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Reality TV Meets Social Experiment In '63 Up'


It is the original reality TV, a long-running social experiment and one of the most ambitious documentaries ever produced. Starting with "Seven Up," filmmaker Michael Apted has followed a group of British children from across social strata every seven years since they were 7. Tim Greiving reports on the latest, "63 Up."

TIM GREIVING, BYLINE: In 1963, Michael Apted was 22, studying law at Cambridge. But he really wanted to be a filmmaker. He made a few documentaries at school. Then landed a job as a researcher on a new film being made about Britain's future directed by a Canadian.

MICHAEL APTED: He knew nothing about documentaries, so I had to educate him in it.

GREIVING: "Seven Up!" took 14 kids - boys and girls, rich and poor - and interviewed them about education, wealth, race and what they'd be doing when they grew up. Tony Walker wanted to be a jockey.


TONY WALKER: I want to be a jockey when I grow up. Yeah, I want to be a jockey when I grow up.

GREIVING: The governing idea was an old Jesuit motto. Give me a child until he is 7, and I will give you the man. When he was 7, Walker was a poor kid from London's East End. He did not wind up being a jockey but became a cab driver, as he told me from London.

WALKER: Everyone suffers the same slings and arrows. We all go bald. We also argue with our wives. We also have to work out. We all go bring up families in the same pressurized sort of way. But the only thing is - when you see it from a young child going through, everyone can identify with what human beings have to do.

GREIVING: Walker has been in every "Up" film. And Apted himself took over as director for the second documentary. Even though he broke into Hollywood - directing "Coal Miner's Daughter" and even a James Bond film - he continued to visit these kids every seven years. He says it wasn't tough to get them to participate.

APTED: Not really because they all wanted to do it. I mean, they were stars. The show was incredibly popular. And I didn't treat them badly.


NICK HITCHON: When I grow up, I'd like to find out all about the moon and all that.

GREIVING: Nick Hitchon was the farmer's kid from the Yorkshire Dales when he was 7. Today, he's an engineering professor at the University of Wisconsin in Madison. And he says he's not sure he's always been accurately represented by the edited clips in Apted's films.

HITCHON: He's making TV. He wants to make good TV. And anything that would get in the way of that is going to be sacrificed in a hurry. So it's always been the case that if I said something really embarrassing, he would use it. I'm not saying that to be horrible about it. That's just the way things are.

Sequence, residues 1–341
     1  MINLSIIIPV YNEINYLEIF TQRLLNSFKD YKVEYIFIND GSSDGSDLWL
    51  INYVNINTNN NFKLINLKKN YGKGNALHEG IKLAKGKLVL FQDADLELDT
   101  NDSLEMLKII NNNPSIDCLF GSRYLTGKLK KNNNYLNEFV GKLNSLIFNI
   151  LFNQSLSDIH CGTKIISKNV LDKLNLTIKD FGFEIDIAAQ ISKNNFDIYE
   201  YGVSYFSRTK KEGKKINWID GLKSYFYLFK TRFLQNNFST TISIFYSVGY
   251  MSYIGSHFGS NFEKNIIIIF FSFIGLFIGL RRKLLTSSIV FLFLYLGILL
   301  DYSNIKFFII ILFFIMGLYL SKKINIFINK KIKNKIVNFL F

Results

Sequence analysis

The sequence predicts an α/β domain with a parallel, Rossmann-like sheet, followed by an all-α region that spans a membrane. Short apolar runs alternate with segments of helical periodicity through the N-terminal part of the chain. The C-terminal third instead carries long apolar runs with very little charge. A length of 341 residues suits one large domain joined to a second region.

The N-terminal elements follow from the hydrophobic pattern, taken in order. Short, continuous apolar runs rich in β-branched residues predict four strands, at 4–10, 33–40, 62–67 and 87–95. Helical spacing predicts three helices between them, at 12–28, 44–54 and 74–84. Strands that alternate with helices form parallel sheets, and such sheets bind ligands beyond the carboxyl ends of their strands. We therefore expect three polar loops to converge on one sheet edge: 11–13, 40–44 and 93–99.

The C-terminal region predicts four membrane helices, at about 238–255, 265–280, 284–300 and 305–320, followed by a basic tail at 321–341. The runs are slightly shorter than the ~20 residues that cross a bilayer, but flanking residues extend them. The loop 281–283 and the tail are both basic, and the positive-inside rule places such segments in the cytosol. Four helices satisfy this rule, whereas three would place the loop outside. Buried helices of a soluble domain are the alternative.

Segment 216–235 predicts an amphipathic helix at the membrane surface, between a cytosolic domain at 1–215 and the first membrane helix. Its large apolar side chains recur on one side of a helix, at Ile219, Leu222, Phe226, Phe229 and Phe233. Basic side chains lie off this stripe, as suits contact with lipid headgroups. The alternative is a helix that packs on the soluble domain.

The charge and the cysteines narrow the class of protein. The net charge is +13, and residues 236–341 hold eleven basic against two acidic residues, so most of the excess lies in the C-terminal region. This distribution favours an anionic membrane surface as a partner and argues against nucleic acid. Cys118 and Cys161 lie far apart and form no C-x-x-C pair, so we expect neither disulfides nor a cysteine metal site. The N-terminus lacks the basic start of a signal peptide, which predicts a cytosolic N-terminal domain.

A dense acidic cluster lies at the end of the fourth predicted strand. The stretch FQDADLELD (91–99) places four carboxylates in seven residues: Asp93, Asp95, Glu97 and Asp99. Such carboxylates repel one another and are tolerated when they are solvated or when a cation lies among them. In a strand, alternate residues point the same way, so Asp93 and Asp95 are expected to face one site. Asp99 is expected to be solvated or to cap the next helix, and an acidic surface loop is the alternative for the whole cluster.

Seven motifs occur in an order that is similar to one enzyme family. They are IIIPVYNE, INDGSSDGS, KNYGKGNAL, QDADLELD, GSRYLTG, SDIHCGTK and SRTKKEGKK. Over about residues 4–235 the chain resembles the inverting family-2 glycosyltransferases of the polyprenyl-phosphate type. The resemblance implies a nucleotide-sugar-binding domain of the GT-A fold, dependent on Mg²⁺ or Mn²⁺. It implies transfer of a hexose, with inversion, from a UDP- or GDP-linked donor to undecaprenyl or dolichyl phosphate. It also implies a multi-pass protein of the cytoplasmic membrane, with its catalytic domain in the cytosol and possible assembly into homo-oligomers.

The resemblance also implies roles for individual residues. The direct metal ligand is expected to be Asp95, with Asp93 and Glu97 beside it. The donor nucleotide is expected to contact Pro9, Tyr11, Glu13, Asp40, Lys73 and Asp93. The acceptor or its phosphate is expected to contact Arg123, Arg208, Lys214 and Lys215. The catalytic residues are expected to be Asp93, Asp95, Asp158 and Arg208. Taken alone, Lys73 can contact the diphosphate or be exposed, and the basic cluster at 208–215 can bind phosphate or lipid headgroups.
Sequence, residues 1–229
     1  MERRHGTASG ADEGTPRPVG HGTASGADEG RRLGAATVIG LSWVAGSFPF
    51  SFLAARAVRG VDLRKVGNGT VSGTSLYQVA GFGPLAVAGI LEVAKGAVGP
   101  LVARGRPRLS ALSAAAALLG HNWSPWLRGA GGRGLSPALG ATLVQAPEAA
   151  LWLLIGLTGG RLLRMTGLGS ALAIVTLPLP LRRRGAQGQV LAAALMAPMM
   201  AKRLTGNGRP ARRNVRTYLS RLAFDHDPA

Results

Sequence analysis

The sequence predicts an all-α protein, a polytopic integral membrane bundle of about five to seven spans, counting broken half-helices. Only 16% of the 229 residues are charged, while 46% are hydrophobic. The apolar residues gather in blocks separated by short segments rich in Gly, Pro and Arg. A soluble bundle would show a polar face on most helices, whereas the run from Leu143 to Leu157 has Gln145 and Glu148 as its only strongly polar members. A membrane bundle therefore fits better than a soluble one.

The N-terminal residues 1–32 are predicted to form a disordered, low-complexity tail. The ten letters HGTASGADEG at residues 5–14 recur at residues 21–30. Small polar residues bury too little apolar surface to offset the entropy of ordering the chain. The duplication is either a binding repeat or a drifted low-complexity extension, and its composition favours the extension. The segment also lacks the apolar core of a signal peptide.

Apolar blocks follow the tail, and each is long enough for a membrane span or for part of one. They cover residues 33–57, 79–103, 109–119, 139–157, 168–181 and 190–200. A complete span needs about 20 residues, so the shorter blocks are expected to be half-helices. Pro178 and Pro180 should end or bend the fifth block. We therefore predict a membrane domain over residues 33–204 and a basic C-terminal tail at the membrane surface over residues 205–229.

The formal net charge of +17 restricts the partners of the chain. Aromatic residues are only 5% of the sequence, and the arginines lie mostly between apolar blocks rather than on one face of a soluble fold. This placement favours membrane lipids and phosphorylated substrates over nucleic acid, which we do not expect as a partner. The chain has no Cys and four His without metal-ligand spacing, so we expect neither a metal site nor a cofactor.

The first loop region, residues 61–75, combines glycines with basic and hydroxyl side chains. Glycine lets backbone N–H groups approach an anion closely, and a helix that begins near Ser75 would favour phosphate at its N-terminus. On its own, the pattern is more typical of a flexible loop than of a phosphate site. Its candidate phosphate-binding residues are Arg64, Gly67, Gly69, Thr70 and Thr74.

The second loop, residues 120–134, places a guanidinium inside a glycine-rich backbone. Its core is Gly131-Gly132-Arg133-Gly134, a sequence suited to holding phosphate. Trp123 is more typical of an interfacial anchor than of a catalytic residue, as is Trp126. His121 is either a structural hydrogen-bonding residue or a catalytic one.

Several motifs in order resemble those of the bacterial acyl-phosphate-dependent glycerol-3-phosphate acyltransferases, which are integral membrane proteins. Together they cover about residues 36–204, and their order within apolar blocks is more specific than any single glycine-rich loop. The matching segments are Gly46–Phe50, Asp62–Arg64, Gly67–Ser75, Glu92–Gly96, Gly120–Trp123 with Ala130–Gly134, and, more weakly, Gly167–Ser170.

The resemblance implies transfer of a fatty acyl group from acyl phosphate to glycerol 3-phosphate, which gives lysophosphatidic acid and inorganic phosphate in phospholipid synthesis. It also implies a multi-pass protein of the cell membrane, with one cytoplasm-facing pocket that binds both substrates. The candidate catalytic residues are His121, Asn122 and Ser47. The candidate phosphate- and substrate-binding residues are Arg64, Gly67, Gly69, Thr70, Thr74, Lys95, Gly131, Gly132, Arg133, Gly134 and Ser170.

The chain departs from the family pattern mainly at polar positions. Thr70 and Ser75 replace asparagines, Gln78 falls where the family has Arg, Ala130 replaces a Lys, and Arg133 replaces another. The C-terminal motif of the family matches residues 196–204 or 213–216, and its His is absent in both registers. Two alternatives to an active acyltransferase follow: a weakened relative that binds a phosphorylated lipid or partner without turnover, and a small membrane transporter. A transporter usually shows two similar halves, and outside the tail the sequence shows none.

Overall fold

GREIVING: Michael Apted doesn't think he's been unfair to his subjects.

APTED: I never lied to them. If I got that feeling, though, they had made a mistake saying this and it's not particularly healthy thing for them to have said on television, then I certainly didn't put them through it and make them a laughingstock in the country. I mean, you know how wicked television can be.

GREIVING: Every film since the first has debuted on British TV. More and more over the years, Apted has let his subjects speak not just about what's happening in their lives but what they think about being in these films. In "63 Up," Jackie Bassett says she thought Apted once had a real blind spot when it came to women.


JACKIE BASSETT: When we were younger, I kept thinking - why is he asking me questions about marriage and men? And why is he not asking me questions about how the country is?

APTED: Do you think you've settled down too young?

BASSETT: No, I've married, and we do things together.

But I felt that you treated us as women totally different. And I didn't like it.

GREIVING: Cab driver Tony Walker thinks the project has been fair.

WALKER: I've always embraced it. And my character shines through more than you would do if you didn't embrace it. So I always came out with any adverse things that was happening. I trust him with my life.

GREIVING: And Nick Hitchon, too, keeps coming back, even though Apted's camera has watched as his first marriage fell apart and his career as a nuclear physicist got sidelined. He was diagnosed with throat cancer just before his "63 Up" interview. He says the film project has been intense.

HITCHON: And, you know, it's very uncomfortable. But people seem to think it's important, and the fact that it makes me uncomfortable and, sometimes, very unhappy doesn't mean I should stop doing it.

GREIVING: Out of the original 14, 11 participated in "63 Up." One died just after the last film, and two have dropped out. Michael Apted, who's 78 now, doesn't know what the future holds for the "Up" series.

APTED: It's a question that I won't have to answer because the question is if I drop dead - which is not unlikely, actually, between now and the next seven years - it'll be something that I gave to television. No one will ever take that away from me. But I don't know. I don't want to think about it, really.


UNIDENTIFIED NARRATOR: This has been a glimpse of Britain's future.

GREIVING: Every "Up" film since the very first one has ended with this music, which seems even more appropriate now that the participants are considering their mortality.

For NPR News, I'm Tim Greiving.

(SOUNDBITE OF MUSIC) Transcript provided by NPR, Copyright NPR.